Video | Agriculture | Confidence | Economy | Energy | Employment | Finance | Media | Property | RBNZ | Science | SOEs | Tax | Technology | Telecoms | Tourism | Transport | Search

 


Year-End Arrivals Show Underlying Strength Of Market

For immediate release
1 February, 2013

Year-End Arrivals Show Underlying Strength Of Market

Tourism New Zealand says that total arrivals for the year ending December 2012 have reaffirmed the underlying growth in visitors, with arrivals only slightly down on the 2011 year which was boosted by Rugby World Cup, and up 1.6 per cent on 2010.

Kevin Bowler, Chief Executive, says there has been a significant change in the market mix in the last year – with arrivals from Asia, in particular China, continuing to increase, while long-haul markets have remained challenging.

“Undoubtedly the biggest story of the year was the dramatic growth from China which moved passed the USA and UK to become our second largest source of visitors.”

“The current economic situation in Europe, and New Zealand’s high exchange rate, has understandably impacted on the number of long-haul arrivals.

“However, the western markets remain valuable, and a target for Tourism New Zealand, as their visitors tend to stay longer. And some of the markets have held up well - in particular Germany which was up 12.4 per cent in December, and ended the full year 0.1 per cent ahead of 2011.

“We anticipate that the growing awareness of New Zealand as the result of the release of the first Hobbit movie and our focused marketing efforts will increase preference for travel to New Zealand across all markets – including long-haul markets such as the USA and the stronger parts of Europe.”

Arrivals from Asia increased, with China up 35.4 per cent for the year and Japan showing good signs of recovery with an increase of 4.5 per cent for the year.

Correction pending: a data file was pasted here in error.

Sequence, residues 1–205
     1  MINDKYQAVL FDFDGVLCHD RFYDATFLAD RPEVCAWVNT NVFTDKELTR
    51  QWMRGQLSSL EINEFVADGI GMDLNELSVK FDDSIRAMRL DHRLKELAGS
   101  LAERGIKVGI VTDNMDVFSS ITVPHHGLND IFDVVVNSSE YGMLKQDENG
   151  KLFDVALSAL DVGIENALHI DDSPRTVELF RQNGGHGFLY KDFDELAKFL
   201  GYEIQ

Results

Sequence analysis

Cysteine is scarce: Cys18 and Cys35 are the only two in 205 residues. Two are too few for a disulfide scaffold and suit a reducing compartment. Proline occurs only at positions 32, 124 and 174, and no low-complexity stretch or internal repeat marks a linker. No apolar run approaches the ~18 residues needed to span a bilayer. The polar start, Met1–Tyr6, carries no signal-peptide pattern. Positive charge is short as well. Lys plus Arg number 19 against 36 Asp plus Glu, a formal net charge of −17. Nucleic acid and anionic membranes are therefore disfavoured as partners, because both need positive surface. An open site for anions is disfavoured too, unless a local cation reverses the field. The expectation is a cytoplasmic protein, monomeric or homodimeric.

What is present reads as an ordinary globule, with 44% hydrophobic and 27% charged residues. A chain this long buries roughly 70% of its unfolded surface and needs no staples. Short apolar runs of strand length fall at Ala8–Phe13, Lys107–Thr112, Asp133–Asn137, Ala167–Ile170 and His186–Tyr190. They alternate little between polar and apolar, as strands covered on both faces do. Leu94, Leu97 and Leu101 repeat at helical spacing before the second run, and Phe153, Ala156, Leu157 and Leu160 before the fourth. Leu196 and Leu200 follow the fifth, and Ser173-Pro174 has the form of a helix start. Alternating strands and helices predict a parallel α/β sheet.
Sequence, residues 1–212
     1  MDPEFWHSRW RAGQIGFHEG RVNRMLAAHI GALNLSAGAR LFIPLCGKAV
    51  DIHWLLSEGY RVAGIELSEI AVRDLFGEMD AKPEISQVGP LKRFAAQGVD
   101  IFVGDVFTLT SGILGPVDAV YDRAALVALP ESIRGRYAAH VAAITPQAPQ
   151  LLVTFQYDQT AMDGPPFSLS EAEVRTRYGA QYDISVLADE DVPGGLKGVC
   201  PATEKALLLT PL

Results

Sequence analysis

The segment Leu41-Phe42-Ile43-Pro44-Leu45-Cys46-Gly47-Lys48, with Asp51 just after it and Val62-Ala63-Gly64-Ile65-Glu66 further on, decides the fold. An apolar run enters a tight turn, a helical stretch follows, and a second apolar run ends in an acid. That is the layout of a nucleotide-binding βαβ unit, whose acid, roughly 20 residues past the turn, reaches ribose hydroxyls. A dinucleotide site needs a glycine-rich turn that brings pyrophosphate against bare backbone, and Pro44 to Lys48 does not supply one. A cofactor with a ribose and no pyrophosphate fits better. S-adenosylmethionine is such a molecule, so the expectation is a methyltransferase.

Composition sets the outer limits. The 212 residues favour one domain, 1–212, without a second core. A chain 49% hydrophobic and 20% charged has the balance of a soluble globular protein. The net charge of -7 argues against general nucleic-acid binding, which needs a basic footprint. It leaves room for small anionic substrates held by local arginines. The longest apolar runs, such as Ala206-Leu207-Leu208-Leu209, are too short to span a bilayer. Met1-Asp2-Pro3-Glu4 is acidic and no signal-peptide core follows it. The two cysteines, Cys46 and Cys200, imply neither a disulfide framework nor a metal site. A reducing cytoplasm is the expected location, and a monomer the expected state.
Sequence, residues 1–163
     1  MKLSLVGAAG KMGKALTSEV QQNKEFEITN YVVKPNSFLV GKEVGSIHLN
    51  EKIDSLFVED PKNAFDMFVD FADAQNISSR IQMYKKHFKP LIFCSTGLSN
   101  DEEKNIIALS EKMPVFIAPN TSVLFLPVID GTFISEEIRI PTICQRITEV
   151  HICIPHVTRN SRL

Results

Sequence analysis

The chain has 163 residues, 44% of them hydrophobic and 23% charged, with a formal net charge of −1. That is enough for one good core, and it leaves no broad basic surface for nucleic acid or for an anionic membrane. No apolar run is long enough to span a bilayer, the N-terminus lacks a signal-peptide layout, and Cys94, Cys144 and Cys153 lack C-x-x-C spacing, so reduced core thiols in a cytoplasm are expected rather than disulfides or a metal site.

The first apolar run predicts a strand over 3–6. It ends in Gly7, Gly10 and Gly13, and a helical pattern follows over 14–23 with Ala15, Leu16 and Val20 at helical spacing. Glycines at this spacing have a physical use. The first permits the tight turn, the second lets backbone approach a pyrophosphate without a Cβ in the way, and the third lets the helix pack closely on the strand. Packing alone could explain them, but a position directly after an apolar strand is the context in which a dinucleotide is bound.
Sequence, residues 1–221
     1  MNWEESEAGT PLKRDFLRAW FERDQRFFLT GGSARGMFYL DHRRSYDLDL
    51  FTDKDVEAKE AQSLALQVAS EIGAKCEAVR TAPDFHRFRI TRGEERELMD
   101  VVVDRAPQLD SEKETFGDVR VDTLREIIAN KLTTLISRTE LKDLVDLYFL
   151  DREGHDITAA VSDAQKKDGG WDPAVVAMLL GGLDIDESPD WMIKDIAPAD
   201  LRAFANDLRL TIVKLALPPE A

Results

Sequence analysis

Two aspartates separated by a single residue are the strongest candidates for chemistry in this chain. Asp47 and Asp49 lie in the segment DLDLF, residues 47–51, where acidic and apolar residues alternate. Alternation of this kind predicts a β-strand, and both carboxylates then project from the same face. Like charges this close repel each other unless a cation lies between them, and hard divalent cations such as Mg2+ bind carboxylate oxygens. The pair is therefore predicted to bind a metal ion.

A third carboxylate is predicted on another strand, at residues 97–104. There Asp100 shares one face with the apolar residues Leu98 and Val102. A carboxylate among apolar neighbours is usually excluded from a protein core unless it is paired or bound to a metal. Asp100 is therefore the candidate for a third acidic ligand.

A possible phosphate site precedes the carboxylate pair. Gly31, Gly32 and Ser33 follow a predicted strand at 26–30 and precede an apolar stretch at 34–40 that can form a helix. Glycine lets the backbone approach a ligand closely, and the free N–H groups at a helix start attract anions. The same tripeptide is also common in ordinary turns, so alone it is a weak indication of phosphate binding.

Kevin Bowler says the number of Chinese visitors will continue to grow, but it is not just a numbers game.

"Tourism New Zealand is leading a programme we’re calling Premier Kiwi Partnership (PKP) in China to increase the availability of higher quality mono-New Zealand holidays through the Chinese travel trade. In time, this will result in more people choosing to visit just New Zealand, to stay for longer, do more, and ultimately, have a better experience to share with others on their return.

“Through PKP, we aim to change the nature of holidays taken by Chinese visitors and the contribution they make to the New Zealand economy. The first visitors on these new PKP itineraries will be arriving in the next few weeks for Chinese New Year.”

ENDS

© Scoop Media

 
 
 
 
 
Business Headlines | Sci-Tech Headlines

 

Must Sell 20 Petrol Stations: Z Cleared To Buy Caltex Assets

Z Energy is allowed to buy the Caltex and Challenge! petrol station chains but must sell 19 of its retail sites and one truck-stop, the Commerce Commission has ruled in a split decision that acknowledges possible retail price coordination between fuel retailers occurs in some regions. More>>

ALSO:

Huntly: Genesis Extends Life Of Coal-Fuelled Power Station To 2022

Genesis Energy will keep its two coal and gas-fired units at Huntly Power Station operating until 2022, having previously said they'd be closed by 2018, after wringing a high price from other electricity generators who wanted to keep them as back-up. More>>

ALSO:

Dammed If You Do: Ruataniwha Irrigation Scheme Hits Farmer Uptake Targets

Enough Hawke's Bay farmers have signed up for water from the proposed Ruataniwha Water Storage Scheme for it to go ahead as long as a cornerstone institutional capital investor can be found to back it, its regional council promoter announced. More>>

ALSO:

Reserve Bank: OCR Stays At 2.25%

Reserve Bank governor Graeme Wheeler kept the official cash rate at 2.25 percent, in a decision traders had said could go either way, while predicting inflation will pick up as the slump in oil prices washes out of the data and capacity pressures start to build in the economy. More>>

ALSO:

Export Values Down: NZ Posts Biggest Annual Trade Deficit In 7 Years

New Zealand has recorded its biggest annual trade deficit since April 2009, reflecting weaker prices of agricultural commodities such as dairy products, beef and lamb, and increased imports of vehicles and machinery. More>>

ALSO:

Currency Events: NZ's New $5 Note Wins International Banknote Award

New Zealand’s new Brighter Money $5 note has been named Banknote of the Year in a prestigious international competition. The $5 note was awarded the IBNS Banknote of the Year title at the International Bank Note Society’s annual meeting. More>>

ALSO:

Get More From Scoop

 
 
 
 
 
 
 
 
 
Business
Search Scoop  
 
 
Powered by Vodafone
NZ independent news